We would also like to say a massive thank you to Murdani MacDonald of the MV Cuma who donated the support vessel, time and fuel to the challenge; and to support boat crew Michaela MacDonald and Finlay MacIver who took tremendous care of the swimmers and kayakers.

Thanks must go to both Stornoway and Ullapool Port Authorities for thier support; Caledonian MacBraynes for support and allowing fundraisers to travel on ferry vessel Isle of Lewis free if charge during the swim; and also the support and generousity of Stornoway stores WeeW, who kept the team’s energy up by supplying juice and sweets as well as doing a sterling job fundraising and spreading the word though staff and in-store promotion; and WJ Macdonald Butchers for supplying team meals.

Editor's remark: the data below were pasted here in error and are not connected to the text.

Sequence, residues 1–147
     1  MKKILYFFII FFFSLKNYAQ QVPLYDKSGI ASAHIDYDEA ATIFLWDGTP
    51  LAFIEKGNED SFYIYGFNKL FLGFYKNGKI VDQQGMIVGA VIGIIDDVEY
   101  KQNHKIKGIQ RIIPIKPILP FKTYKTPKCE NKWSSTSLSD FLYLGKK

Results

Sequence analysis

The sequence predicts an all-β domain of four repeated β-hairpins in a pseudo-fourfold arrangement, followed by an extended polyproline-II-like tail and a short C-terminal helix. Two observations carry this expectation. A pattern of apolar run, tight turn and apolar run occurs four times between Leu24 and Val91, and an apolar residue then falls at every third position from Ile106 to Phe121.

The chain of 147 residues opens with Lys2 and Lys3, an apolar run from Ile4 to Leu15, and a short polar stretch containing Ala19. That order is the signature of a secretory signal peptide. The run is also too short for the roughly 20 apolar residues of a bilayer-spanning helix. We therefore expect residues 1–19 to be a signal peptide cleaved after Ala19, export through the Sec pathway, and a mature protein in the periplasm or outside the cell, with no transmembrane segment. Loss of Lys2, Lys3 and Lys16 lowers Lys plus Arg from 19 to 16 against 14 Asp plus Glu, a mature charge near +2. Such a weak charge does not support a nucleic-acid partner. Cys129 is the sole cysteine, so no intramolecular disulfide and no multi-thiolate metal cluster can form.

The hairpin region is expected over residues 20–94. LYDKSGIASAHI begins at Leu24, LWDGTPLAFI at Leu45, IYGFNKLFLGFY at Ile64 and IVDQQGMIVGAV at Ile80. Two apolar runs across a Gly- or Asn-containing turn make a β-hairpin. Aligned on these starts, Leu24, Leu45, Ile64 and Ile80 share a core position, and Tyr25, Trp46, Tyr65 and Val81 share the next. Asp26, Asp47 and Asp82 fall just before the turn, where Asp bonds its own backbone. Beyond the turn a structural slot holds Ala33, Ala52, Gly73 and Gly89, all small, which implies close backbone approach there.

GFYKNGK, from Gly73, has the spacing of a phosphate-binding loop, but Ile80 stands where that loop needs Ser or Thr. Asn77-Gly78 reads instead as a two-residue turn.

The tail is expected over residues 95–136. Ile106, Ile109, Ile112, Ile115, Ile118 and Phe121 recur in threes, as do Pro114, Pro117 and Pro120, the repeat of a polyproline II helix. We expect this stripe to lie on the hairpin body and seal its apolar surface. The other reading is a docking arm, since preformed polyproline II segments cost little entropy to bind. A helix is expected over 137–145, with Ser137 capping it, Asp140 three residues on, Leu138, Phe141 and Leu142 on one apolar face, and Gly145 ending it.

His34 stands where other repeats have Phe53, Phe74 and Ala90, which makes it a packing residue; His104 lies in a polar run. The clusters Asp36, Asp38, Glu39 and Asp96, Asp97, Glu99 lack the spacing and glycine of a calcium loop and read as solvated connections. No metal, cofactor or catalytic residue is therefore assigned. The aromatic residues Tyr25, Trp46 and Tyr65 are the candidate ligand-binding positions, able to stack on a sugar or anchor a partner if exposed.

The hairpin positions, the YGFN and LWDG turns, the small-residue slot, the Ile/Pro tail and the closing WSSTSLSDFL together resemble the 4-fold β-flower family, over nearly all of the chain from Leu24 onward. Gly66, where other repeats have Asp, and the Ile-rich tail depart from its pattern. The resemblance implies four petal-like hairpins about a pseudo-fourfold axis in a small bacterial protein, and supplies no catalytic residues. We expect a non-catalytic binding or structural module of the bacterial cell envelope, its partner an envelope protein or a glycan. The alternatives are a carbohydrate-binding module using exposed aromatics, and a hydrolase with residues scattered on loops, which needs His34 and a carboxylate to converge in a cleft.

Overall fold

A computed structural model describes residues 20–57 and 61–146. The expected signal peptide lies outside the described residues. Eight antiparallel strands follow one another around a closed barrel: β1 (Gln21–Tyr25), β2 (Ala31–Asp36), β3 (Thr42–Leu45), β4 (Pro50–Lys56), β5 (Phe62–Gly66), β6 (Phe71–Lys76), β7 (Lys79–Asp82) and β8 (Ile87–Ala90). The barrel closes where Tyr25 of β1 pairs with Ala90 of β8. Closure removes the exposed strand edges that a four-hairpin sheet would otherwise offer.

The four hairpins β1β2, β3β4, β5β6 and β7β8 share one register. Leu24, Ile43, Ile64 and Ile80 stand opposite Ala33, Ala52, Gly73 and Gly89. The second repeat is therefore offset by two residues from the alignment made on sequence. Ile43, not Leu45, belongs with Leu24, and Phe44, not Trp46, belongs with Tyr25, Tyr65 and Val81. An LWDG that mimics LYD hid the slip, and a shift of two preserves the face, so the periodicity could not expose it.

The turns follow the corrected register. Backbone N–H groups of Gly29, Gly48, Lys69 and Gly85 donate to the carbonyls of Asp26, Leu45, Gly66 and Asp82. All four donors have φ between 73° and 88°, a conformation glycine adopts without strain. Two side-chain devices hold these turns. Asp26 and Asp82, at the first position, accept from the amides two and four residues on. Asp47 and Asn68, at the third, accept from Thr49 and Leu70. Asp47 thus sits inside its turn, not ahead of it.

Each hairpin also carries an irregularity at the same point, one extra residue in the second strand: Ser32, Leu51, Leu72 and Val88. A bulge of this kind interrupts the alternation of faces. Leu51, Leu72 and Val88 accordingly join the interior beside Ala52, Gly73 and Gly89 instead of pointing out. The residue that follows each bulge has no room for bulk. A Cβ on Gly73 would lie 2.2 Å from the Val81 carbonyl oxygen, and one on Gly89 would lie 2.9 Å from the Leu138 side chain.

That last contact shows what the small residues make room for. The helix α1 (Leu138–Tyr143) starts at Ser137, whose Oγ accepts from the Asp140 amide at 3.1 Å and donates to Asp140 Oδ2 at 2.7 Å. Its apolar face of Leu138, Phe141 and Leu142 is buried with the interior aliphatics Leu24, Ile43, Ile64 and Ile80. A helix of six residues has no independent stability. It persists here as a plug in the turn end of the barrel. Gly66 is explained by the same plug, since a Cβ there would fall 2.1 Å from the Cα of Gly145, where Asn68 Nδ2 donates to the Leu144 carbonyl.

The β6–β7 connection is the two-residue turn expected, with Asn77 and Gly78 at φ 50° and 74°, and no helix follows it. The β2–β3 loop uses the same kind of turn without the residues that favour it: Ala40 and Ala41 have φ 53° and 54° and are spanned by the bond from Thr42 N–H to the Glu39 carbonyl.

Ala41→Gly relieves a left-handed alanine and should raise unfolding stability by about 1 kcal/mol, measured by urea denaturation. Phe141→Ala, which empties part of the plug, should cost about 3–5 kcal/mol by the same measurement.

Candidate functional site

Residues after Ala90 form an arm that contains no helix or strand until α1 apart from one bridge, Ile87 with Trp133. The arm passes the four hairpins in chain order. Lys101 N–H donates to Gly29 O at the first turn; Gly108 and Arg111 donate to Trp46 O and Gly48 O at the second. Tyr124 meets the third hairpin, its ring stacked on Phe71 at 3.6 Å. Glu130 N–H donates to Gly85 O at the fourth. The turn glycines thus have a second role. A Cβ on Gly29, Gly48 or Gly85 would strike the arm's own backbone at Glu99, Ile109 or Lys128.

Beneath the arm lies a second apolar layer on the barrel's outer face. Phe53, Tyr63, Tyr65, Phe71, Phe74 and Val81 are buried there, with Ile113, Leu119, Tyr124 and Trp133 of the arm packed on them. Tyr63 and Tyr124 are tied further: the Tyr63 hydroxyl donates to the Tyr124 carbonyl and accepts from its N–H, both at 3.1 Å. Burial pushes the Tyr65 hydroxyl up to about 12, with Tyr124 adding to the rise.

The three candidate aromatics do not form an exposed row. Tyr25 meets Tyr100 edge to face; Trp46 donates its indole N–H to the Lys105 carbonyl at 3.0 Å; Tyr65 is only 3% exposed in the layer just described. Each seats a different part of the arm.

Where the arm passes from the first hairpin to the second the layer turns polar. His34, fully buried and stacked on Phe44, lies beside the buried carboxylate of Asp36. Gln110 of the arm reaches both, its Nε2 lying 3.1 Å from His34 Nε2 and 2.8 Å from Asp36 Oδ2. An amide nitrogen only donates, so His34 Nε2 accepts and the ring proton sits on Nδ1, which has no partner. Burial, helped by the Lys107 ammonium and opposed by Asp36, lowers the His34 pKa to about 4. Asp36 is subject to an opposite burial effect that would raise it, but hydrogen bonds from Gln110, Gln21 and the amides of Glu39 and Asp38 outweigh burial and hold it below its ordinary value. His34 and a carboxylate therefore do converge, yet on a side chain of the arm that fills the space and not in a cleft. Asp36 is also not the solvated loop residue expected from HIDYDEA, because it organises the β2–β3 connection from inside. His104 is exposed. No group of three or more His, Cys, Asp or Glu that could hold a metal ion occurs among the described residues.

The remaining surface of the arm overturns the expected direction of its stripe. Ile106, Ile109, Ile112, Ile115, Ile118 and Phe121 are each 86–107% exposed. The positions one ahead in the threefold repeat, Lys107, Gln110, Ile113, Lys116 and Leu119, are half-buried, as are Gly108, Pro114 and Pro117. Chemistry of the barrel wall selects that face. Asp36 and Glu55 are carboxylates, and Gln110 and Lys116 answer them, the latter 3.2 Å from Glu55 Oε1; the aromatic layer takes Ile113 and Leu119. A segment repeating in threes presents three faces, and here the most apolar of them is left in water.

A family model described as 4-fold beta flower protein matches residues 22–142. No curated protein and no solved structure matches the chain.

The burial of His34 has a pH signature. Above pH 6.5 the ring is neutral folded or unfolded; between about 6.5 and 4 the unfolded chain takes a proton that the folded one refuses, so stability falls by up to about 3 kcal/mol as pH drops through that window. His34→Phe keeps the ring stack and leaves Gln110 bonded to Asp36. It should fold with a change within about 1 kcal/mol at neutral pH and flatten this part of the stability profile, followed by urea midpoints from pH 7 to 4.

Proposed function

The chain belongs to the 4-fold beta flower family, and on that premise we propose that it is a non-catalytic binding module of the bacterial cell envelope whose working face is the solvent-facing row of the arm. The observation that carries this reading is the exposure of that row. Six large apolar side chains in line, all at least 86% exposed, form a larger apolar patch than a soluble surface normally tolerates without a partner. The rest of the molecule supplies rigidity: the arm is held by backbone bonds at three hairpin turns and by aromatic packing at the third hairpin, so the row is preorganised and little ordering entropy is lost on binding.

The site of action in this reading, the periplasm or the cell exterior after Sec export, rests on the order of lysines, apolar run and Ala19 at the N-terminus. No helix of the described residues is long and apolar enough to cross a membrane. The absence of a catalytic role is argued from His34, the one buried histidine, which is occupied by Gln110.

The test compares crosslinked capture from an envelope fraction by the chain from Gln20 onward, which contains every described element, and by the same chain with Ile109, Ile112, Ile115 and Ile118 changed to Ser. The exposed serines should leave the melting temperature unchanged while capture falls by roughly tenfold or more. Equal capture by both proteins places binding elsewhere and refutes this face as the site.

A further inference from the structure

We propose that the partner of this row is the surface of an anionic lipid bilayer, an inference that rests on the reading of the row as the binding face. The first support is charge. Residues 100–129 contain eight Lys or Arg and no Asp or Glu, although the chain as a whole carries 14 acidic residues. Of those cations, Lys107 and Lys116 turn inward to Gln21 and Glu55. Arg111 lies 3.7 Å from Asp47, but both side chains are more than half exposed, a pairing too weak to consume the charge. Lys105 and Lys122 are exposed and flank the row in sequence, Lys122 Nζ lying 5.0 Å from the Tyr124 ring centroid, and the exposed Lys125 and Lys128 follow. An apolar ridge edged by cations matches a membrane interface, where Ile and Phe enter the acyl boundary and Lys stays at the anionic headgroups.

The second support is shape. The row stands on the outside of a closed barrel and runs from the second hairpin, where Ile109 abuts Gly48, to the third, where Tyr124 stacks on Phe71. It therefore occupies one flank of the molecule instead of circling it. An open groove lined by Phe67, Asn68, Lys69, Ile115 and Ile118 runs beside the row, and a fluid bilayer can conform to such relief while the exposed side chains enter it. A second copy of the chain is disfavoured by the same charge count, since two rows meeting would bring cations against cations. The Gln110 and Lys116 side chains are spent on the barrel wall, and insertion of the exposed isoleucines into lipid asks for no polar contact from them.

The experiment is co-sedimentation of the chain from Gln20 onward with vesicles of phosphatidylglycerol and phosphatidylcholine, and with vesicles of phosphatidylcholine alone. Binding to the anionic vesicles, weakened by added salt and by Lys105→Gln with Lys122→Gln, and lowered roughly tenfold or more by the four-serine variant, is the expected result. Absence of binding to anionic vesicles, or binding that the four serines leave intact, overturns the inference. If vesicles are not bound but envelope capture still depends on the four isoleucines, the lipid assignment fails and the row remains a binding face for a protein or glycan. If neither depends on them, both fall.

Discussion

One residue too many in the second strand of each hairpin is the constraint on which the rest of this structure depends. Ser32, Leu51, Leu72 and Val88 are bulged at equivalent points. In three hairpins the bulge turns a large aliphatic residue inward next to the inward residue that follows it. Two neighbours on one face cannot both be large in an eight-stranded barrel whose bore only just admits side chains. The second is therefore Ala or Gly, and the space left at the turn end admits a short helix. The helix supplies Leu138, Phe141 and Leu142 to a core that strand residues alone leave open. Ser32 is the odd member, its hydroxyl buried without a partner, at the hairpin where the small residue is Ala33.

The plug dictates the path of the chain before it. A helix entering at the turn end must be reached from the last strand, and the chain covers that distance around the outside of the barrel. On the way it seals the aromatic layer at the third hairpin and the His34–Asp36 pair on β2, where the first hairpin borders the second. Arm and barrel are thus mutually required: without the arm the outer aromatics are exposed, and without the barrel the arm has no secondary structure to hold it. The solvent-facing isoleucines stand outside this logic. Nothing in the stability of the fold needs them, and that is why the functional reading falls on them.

And a gigantic thank you goes out to everyone who has donated and supported The Big Minch Swim through Facebook (The Big Minch Swim) and our Just Giving website - www.justgiving.com/thebigminchteam - where we’ve smashed our target of £5,000 and are heading upwards of £8,000!

Thank you!

THE BIG MINCH SWIM TEAM

EMERGENCY SERVICES CHARITY CYCLE

Having completed a gruelling cycle challenge from Barra to the Butt of Lewis from 12 to 14 June I would like to thank the following people and organisations for their kind assistance.

The challenge was made more difficult this year by a strong headwind which was against us for the entire trip. Nevertheless 45 cyclists finished the trip and it is estimated that a considerable sum will be raised for Macmillan Nurses in the islands.

A huge thank you to all the individuals and businesses who helped out in so many ways and to the good folk of the Western Isles and beyond who donated so readily with money and food to our venture.

Finally a huge thank you goes to the cyclists who gave so much effort for this most excellent cause

Thank you all very much

GEORGE MURRAY, Western Isles Emergency Services